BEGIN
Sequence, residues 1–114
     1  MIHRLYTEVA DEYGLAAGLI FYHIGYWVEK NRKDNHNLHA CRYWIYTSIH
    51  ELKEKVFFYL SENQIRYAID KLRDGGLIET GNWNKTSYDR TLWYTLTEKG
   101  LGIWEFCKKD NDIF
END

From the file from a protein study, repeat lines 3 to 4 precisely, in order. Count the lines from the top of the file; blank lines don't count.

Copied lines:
    51  ELKEKVFFYL SENQIRYAID KLRDGGLIET GNWNKTSYDR TLWYTLTEKG
   101  LGIWEFCKKD NDIF